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5 pages/≈1375 words
Religion & Theology
English (U.S.)
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Søren Kierkegaard's Conception of Faith (Essay Sample)


The paper looks at the concept of faith as described by Søren Kierkegaard.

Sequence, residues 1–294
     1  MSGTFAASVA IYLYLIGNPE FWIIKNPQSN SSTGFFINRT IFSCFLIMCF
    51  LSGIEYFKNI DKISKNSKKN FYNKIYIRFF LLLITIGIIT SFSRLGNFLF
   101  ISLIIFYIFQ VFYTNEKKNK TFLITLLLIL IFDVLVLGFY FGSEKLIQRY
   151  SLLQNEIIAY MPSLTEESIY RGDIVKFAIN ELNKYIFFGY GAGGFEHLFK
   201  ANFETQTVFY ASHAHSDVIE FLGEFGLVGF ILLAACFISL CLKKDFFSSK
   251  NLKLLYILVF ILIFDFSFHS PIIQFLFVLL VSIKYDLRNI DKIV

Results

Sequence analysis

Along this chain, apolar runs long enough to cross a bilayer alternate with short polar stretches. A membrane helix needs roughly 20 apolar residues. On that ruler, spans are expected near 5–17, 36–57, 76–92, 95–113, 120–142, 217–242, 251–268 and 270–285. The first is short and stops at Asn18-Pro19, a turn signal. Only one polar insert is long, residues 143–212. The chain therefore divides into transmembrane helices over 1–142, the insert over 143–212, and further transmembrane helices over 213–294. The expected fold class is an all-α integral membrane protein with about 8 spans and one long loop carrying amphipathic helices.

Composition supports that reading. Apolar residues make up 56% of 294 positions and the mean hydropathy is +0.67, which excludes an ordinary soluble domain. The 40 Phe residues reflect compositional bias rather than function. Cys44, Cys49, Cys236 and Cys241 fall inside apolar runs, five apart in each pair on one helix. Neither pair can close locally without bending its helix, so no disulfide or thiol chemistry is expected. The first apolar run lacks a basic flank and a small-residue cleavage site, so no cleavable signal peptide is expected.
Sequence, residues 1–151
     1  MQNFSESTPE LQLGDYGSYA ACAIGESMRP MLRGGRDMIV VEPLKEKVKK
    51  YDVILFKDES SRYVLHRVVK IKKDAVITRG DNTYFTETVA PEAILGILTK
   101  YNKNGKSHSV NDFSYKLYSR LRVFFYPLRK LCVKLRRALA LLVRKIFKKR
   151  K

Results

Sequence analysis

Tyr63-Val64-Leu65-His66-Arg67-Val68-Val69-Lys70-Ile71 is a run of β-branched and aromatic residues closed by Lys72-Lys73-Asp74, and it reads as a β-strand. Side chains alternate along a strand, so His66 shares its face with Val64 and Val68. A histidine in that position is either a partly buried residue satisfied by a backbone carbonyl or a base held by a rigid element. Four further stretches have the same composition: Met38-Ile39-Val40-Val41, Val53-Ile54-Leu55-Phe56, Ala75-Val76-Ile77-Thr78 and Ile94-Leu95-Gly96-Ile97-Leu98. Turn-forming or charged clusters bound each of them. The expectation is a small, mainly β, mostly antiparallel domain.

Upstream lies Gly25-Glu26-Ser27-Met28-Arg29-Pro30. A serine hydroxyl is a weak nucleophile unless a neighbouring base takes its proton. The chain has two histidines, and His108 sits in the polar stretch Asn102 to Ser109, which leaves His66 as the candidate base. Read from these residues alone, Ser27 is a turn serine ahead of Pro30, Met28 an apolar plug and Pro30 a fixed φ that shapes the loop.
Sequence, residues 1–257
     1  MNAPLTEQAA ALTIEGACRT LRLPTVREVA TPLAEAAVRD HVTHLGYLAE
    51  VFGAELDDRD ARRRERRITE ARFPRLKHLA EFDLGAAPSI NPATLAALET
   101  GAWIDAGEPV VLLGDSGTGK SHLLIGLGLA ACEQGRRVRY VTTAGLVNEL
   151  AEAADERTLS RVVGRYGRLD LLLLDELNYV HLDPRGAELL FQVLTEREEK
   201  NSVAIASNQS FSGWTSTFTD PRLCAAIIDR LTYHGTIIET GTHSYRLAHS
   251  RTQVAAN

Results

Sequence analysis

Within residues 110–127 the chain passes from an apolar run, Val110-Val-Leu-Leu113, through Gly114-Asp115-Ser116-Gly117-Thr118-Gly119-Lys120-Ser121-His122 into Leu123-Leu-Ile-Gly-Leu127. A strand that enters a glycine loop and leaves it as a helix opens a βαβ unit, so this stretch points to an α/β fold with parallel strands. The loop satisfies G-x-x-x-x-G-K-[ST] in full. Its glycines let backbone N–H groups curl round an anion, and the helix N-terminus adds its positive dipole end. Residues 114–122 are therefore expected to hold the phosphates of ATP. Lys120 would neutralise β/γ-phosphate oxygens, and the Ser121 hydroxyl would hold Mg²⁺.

Author: Course Title: Instructor: Date: Søren Kierkegaard’s Conception of Faith For many years, theologians and philosophers have been debating the existence of God and the legitimacy of faith in a bid to justify religion through logic. Soren Kierkegaard is one of the philosophers of the Christian concept of God who researched extensively on the Christian concept. It seems that he was not an apologist, and even if he was one, his apologies must have been unconventional not only acknowledged the unbelievers’ claim that Christianity is irrational and improvable, but also accepted these claims. According to Anderson, Kierkegaard seems to suggest that religion is not something we can make sense of in the conventional sense. This appears quite literally irrational with the main problem being that people have a tendency to change religion into a set of doctrines and rules. This means that people try to intellectualize something that is simply beyond that scope. Indeed Faith encompasses a sphere of its own and this means that any misunderstanding of Christianity “may at once be recognized by its transforming it into a doctrine…” (Anderson 51). Kierkegaard aptly disregarded any fusion of logic with existence by asserting that existence cannot be described logically or objectively. According to him, the logical uncertainty of Christianity and an individual’s relation to it represents the highest truth for an existing person. This means that truth is subjectivity and faith does neither arise from scholarly deliberation, not does it come directly. Instead, within this objectivity one is bound to lose that personal, infinite and impassioned interestedness, which is essentially the condition of faith. Philosophers have always been trying to determine to objective truth concerning the nature, though Kierkegaard seems to refute anything that is unjustifiable. This is probably because he had no interest in things that were universal. Rather, he believed that subjective things where far more important and intriguing. In fact, he centered his whole philosophy on action in such a way that he disregarded any form of objectivity. His main argument is that people use objectivity as a means to escape belief, decisions and actions. According to him, it is prudent that “every trace of an objective issue should be eliminated…” (Anderson 39). Kierkegaard believes that individuals need to take responsibility for their faith and acknowledges the fact believing in something is a choice. He clarifies that choice is the crux of human existence. He says, "The most tremendous thing which has been granted to man is: the choice, freedom." (Anderson 41). Due to his persistence on choices, Kierkegaard seems to be an individualist; given that choices are personal hence they cannot be objective. According to him, the most important things are those that happen inside the individual. Therefore, the choice is made cannot be understood or even comprehended by outside sources. When an individual makes a choice on how he wants to live, the choice applies only to him alone. In Fear and Trembling, he elaborates the ethical, aesthetic, and religious ‘spheres of existence’ that people may chose to live in. They religious sphere appears to be the most difficult since it requires one to give up everything, including the universal good, and the ethical standards for him to live a life of devotion to God (Sarkissian 2). Most people seem to perceive religion and ethics as two inextricably intertwined concepts and hence that which is considered ethical arises from religious perspectives such as religious sermons or texts. However, Kierkegaard believes that living for ethics and de

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